What’s the difference between…

…Port Authority and a crab with breast implants?
One is a crusty bus station and the other is a BUSTY CRUST-ACEAN.

Get it? Just a little dad joke for you in honor of Father’s Day.

Anyway, we last left our heroes in Atlantic City, and, though their change of luck didn’t help at all in the casino, it did seem like things were actually looking up…

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Out on the town in Atlantic City

 

PART ONE: Training Wheels;
or, Does Anyone Have a Functioning Easy Button?

Saturday we woke up to a beautiful, calm morning and left for Cape May, NJ, dolphins surfing our wake the whole way there.

[insert laughing-so-hard-he’s-crying-cat emoji]

You didn’t think it was that easy, did you?

After several long days, all of the BS of the first week, and a lack of true way-lay days, we were tired, hung-over and more than a little burnt out.

Let me take this moment to educate those of you non-boat people who don’t know about the docking process. First, when you arrive at your destination, there are a few options. You can grab a mooring in the harbor, which is basically a huge floating anchor that you rent, you can drop your own anchor in designated spots, or you can pull up and dock. For obvious reasons, docking is much more convenient, as you can hook up to shore power [so your West Wing Netflix binge doesn’t have to end], and with three dogs, you can bring them ashore without having to launch the dinghy [ours is obviously named Loose Cannon].

At first glance, it probably seems pretty easy, right? I mean, it should just be like parking a car, and the hardest thing about parking a car is parallel parking, and I happen to be really great at that so I don’t know what you are all complaining about.

In reality, the only way docking a boat would be the same as parking a car would be if, while you were trying to park, the concrete constantly morphed and moved and the curb threatened to gauge into and destroy your Range Rover, oh and then you had to jump OUT of the car while it was still moving [sometimes like a good 4-5 feet down] and lasso a fire hydrant to pull your 2-ton vehicle in with your bare hands, trying to avoid having it pull you off of the curb and on to the street in between the car and the curb which basically at that point is as dangerous as falling into a volcano that is due to erupt.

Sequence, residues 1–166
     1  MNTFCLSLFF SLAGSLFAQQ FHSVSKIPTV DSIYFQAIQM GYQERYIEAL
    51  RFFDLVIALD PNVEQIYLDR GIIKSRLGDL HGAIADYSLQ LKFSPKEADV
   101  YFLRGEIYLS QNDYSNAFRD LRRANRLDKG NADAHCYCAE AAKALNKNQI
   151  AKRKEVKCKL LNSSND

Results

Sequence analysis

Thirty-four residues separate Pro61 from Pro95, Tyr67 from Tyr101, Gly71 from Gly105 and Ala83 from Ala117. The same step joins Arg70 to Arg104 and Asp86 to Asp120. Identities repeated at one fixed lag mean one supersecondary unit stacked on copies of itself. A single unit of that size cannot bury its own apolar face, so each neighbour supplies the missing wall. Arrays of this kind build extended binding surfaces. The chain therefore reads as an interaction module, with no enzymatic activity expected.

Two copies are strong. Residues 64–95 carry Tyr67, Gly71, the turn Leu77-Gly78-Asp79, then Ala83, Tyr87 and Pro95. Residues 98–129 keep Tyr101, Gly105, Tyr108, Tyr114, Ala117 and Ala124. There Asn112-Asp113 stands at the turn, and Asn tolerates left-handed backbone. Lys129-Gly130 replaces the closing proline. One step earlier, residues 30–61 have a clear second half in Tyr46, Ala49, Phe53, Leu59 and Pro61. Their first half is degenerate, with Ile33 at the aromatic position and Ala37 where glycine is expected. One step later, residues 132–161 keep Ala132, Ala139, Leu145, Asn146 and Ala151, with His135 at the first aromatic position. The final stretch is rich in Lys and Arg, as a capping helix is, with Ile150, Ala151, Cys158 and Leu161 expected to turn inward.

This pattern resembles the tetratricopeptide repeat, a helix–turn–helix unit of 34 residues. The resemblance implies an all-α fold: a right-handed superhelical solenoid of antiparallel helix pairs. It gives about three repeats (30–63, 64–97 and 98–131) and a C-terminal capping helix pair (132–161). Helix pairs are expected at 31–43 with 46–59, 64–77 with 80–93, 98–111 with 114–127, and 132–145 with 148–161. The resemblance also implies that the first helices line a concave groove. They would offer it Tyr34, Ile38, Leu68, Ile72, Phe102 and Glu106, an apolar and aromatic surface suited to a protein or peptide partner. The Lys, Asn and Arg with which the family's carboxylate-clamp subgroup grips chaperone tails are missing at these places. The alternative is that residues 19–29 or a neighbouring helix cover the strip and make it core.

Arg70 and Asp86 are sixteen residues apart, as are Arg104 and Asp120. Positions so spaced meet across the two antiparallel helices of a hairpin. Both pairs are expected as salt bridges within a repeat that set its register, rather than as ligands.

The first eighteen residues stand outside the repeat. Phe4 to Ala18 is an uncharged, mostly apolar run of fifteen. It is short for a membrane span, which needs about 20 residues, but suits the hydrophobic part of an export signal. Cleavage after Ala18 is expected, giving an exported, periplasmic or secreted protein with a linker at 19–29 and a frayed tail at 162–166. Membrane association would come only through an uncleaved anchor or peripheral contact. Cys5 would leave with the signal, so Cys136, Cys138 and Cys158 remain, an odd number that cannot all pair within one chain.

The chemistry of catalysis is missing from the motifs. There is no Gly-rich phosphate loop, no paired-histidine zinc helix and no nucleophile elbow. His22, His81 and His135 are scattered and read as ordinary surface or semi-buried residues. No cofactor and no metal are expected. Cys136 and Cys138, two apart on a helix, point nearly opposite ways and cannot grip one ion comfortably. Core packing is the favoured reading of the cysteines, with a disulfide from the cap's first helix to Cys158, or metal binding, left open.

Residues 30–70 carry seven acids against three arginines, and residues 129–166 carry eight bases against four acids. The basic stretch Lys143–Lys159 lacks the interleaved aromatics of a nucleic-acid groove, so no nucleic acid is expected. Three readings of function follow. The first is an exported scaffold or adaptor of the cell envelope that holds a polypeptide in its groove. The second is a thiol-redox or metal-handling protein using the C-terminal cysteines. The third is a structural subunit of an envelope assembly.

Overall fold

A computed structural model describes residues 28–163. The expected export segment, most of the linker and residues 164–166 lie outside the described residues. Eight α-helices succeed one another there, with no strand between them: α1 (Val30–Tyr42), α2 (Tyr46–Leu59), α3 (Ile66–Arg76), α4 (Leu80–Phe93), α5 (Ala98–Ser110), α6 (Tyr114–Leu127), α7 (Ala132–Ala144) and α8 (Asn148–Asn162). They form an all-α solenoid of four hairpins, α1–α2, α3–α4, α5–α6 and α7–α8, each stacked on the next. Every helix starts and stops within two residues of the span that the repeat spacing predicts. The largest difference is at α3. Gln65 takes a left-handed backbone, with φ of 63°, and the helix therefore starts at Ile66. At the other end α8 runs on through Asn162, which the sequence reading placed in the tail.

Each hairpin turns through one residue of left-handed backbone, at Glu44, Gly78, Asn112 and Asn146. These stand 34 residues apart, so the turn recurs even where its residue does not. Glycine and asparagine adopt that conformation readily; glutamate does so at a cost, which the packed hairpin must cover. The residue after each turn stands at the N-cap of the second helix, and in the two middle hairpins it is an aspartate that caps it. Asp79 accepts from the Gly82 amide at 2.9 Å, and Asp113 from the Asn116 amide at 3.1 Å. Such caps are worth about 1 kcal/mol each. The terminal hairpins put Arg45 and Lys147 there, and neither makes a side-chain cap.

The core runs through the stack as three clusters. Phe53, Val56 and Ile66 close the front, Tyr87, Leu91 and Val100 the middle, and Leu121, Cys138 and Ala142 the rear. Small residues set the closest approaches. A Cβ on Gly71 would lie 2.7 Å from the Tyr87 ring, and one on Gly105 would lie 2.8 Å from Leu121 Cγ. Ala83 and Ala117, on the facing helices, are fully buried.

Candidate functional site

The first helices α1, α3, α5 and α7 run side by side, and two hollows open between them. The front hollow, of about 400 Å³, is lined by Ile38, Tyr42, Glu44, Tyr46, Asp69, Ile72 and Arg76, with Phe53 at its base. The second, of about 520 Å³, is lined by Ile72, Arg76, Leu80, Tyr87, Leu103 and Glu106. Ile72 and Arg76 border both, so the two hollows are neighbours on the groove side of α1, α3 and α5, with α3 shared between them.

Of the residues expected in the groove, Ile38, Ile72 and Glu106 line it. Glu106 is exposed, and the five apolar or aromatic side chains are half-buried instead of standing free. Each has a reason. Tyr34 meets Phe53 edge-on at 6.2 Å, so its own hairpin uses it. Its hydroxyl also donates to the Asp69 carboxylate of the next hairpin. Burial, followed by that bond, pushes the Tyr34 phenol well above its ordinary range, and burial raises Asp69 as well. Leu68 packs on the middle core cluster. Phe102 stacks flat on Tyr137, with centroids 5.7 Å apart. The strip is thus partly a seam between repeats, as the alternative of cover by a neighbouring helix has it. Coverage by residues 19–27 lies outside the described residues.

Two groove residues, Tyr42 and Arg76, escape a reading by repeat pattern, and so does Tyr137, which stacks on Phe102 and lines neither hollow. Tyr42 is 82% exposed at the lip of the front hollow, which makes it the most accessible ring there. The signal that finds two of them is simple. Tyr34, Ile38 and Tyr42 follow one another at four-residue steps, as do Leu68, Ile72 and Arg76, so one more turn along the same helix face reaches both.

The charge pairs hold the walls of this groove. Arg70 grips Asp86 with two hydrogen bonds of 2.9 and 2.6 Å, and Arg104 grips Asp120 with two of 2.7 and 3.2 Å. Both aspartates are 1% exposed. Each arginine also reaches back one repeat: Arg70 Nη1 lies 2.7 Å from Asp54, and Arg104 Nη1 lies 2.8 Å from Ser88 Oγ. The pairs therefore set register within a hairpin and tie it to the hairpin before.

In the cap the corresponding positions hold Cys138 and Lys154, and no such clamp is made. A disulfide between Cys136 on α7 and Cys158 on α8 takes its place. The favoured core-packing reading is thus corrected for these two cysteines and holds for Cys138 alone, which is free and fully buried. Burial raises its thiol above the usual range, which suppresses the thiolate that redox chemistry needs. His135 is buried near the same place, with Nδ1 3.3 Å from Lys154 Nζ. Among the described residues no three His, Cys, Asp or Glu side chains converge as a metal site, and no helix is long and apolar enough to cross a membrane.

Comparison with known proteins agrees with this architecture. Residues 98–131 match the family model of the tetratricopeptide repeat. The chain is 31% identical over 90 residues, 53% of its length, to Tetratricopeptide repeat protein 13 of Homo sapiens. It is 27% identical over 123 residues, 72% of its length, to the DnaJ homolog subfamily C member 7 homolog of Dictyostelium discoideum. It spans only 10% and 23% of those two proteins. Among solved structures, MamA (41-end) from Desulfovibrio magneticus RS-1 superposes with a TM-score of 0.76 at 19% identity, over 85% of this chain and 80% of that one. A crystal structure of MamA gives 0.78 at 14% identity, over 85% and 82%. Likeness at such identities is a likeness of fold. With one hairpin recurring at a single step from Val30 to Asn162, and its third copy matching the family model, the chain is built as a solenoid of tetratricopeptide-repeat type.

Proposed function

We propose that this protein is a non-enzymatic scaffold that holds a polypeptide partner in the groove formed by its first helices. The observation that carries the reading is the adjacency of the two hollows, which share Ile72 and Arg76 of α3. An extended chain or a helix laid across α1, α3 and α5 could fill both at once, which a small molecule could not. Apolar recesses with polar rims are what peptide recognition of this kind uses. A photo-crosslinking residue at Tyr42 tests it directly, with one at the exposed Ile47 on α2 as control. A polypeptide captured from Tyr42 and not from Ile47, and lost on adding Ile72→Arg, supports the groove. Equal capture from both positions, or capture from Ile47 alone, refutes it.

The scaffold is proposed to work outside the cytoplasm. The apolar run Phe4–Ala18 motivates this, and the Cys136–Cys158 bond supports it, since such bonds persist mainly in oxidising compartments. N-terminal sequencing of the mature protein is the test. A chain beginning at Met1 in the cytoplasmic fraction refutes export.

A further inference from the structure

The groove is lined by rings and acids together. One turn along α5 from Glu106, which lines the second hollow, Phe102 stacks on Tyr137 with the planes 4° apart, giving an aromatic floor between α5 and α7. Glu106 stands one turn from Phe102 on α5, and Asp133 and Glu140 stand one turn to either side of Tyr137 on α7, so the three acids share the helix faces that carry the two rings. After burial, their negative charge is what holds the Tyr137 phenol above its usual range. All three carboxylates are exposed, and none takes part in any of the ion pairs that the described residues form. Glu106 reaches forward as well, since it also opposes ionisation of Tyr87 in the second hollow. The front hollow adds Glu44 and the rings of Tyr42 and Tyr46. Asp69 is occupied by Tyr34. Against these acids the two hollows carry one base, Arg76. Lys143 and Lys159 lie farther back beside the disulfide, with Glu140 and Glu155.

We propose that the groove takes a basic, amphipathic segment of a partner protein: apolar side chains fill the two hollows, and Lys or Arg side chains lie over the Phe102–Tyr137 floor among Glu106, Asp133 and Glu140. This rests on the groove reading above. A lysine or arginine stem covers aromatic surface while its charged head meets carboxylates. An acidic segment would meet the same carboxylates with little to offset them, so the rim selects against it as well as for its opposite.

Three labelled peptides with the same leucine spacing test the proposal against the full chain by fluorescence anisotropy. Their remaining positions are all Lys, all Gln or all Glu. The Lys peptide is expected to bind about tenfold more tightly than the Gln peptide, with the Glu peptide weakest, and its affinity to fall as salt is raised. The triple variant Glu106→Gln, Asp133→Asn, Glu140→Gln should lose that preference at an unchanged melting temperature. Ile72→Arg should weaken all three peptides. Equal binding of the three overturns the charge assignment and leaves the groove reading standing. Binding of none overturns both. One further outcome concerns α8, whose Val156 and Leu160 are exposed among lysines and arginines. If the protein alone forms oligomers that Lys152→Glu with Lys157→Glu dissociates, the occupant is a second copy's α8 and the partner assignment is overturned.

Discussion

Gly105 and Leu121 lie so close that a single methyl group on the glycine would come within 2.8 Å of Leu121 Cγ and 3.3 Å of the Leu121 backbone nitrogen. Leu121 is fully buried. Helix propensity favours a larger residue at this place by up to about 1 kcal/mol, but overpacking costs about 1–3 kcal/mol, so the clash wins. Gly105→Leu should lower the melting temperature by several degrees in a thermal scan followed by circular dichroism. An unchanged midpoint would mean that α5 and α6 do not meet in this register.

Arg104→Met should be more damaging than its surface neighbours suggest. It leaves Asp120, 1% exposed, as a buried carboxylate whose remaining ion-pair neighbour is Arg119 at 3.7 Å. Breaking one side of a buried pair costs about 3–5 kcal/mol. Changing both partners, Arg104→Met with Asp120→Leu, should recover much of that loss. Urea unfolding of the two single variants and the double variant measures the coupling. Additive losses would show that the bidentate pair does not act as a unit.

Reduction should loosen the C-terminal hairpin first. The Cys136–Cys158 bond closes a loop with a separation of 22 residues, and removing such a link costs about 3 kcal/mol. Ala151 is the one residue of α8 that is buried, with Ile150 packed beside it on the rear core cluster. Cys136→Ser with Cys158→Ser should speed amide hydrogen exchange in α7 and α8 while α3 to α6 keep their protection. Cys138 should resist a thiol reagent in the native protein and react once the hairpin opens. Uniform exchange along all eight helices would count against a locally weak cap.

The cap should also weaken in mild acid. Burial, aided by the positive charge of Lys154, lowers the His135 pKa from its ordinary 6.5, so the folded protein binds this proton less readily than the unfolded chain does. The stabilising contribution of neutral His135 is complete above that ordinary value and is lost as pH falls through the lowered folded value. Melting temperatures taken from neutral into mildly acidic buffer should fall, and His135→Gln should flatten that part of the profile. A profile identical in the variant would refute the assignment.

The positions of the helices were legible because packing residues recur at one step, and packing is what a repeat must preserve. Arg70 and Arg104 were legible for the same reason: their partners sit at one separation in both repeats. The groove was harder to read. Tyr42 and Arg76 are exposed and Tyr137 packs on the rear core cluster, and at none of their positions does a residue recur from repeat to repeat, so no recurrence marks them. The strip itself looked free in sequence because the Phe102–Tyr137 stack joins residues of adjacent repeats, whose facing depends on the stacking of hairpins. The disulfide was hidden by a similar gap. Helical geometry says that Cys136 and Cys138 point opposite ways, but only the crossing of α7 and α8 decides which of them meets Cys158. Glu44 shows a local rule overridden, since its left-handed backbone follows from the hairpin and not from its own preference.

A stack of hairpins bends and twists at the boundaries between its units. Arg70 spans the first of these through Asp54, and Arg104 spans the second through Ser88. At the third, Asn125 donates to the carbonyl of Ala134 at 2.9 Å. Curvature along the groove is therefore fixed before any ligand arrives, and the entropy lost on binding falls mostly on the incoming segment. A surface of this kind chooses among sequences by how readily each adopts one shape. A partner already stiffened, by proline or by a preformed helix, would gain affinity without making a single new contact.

Add tide and wind into the equation [which could either be pushing you towards the curb or away from the curb], upgrade your Rover to the super heavy-duty model [making it a mere 34 tons], and then place a whole bunch of other 34+ ton vehicles all around the empty parking space, all of which will contain people who gawk at you while you try to park, starting a sweat storm rivaling that of a whore in church.

[It’s pretty much the best entertainment of the day to watch a new transient come in to port and try to fit into a space they’ve never been into before, or pick up a mooring when it’s super windy, so long as they aren’t anywhere near your boat. Especially when it’s a shiny, brand new powerboat and it’s clear the captain did not think through his decision to buy a boat and he thought it was going to be a lot more fun and easy than this and his dogs are barking and his children are crying and it’s raining and you know his wife is going to divorce him as soon as she gets off that GODFORSAKEN PIECE OF—It’s awesome. Boat people are terrible.]

Basically, it takes practice. Lots of it.

My dad is generally the master of the docking, and he’s got it down pat [after the one time on our way up the ICW when the dockhand tied a line on too soon and the tide was ridiculous and he tried to back up without knowing that he was tied on and so the stern of our boat swung into a beautiful 100-foot yacht and its million-pound anchor ripped clear through like 4 of our stanchions, just narrowly missing fiberglass].

On this trip, A is handling most of the dockage, but my mom can do it even though she doesn’t think she can, so she practices when it’s an easy slip to get into/out of. Also, generally, we’ve been asking for face docks, which is basically an end space, so we don’t need to slip in between other boats. The technique of actually helming the boat in to dock is seriously difficult and stressful and, as A keeps saying, the whole time all she can think about is how she doesn’t want to break my parents HOUSE.

So we have our Captain: A. We have our Admiral/First Mate: my mom. So besides just being along for the ride, my titles on board are as follows, not necessarily in order of importance: Chief Stew [aka galley wench, there is some division on board regarding whether or not we like that word but whatever I’m the cook]; Chief Historian; Chief Technology Supervisor; Chief Musician and DJ; Chief Drunk; Chief Yoga Instructor; and Chief Dockhand.

As dockhand, I get the lines and fenders [cushy bumpers to protect the boat] ready for dockage, and take them all in and put them away as we leave port. I’m usually the first person off the boat when we come in, and the last one to jump back on as we leave. A lot of the marinas we’ve been to have had dockhands that will catch our lines, and whichever of my fellow lady pirates isn’t at the helm will help if and when possible.